Here are some more things to keep in mind:
  • An adult ferret might kill and eat young kittens (especially if it’s a male)
  • Any mammal that’s smaller than a ferret will be in constant danger
  • To avoid aggression, introduce the pets to each other gradually

Should You Let Children Interact With Ferrets?

Since ferrets are miniature creatures (1–6 pounds, 10–20 inches), they’re quite popular first-time pets for children. However, you should never let kids interact with these buds without supervision. They usually have no idea how to handle tiny fur babies and might end up hurting the pet or making it anxious. As a result, the pet could fight back and cause injuries, especially if the child is an infant.

The good news is—ferrets like to be held and petted, but only by the people they know and trust. Plus, you need to be gentle and not force cuddles, as that will also make the pet uncomfortable. So, make sure to always be there to “navigate” the kids in the right direction and show them proper ways to communicate with ferrets.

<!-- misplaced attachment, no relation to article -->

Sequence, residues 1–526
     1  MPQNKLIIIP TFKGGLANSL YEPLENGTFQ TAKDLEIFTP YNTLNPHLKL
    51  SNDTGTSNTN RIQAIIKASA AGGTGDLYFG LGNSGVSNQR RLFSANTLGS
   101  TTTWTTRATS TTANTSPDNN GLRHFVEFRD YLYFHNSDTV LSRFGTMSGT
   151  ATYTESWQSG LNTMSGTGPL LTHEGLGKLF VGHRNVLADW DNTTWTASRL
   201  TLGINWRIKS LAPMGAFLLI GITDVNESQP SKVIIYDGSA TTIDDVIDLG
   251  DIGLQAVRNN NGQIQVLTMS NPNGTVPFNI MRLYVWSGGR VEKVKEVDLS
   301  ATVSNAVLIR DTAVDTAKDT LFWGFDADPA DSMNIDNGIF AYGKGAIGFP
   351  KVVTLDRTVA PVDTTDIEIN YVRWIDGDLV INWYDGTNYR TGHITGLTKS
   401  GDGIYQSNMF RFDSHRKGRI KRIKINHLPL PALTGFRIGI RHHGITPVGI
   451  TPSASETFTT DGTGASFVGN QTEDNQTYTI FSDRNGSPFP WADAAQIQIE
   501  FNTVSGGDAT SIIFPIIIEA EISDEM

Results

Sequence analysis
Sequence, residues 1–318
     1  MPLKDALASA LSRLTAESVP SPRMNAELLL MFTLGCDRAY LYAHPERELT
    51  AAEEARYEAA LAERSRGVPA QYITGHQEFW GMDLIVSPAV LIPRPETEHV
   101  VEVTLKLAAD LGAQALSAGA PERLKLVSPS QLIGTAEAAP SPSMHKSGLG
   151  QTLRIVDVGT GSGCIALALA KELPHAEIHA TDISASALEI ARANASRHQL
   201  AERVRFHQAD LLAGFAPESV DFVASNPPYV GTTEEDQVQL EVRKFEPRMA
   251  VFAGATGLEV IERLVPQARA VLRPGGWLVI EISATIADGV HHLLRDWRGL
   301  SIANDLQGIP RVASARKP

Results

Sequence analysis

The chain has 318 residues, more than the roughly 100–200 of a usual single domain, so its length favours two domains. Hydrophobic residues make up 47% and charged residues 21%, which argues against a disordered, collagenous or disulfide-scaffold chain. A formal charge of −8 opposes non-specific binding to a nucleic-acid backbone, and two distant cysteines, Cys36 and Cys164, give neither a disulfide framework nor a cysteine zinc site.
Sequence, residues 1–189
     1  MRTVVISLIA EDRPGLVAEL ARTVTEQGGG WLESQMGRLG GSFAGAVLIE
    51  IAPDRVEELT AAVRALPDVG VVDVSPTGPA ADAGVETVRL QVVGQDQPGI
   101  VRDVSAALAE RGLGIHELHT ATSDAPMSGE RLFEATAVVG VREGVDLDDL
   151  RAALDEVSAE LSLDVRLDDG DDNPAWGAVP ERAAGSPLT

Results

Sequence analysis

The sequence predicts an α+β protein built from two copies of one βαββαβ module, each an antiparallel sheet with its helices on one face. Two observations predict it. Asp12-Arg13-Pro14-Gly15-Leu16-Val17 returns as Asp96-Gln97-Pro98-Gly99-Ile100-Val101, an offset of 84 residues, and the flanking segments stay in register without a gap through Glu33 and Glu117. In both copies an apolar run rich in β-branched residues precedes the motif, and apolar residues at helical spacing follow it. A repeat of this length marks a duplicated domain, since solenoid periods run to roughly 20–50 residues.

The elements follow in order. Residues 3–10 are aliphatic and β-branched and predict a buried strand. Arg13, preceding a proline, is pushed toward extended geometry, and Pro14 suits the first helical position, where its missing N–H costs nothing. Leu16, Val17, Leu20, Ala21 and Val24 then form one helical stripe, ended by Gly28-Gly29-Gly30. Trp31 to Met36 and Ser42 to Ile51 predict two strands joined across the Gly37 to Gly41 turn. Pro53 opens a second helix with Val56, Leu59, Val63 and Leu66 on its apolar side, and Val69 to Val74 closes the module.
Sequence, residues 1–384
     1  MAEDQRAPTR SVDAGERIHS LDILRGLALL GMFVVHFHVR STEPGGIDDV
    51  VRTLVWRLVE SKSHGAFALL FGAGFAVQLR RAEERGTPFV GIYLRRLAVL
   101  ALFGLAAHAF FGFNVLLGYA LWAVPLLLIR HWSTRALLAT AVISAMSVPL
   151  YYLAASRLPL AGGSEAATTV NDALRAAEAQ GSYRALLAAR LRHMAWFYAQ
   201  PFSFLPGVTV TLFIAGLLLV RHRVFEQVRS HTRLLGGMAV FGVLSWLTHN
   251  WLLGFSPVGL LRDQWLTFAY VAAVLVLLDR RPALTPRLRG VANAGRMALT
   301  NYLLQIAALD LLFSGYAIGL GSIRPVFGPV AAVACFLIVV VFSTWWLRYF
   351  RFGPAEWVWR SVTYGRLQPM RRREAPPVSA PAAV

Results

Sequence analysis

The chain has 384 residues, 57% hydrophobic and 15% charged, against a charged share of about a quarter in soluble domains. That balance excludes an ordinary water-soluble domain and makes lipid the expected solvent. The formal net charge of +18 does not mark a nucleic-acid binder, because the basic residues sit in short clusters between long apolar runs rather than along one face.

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Conclusion

Independent, low-maintenance, and cute—that’s ferrets in a nutshell. They are social, sweet-tempered, and easygoing pets who love to be around human parents. Dogs are just as loyal, joyful, and quick to bond. However, that doesn’t mean these two will instantly “click” and start making out. You need to be very careful when choosing the dog breed.

Any pup that was brought into this world to track/hunt prey won’t see the ferret as a friend, but rather as food. On the bright side, if you bring home a doggo with a low prey drive and raise the two pets together, they will not only tolerate each other but may also become best buds!


Featured Image Credit: Nalaphotos, Shutterstock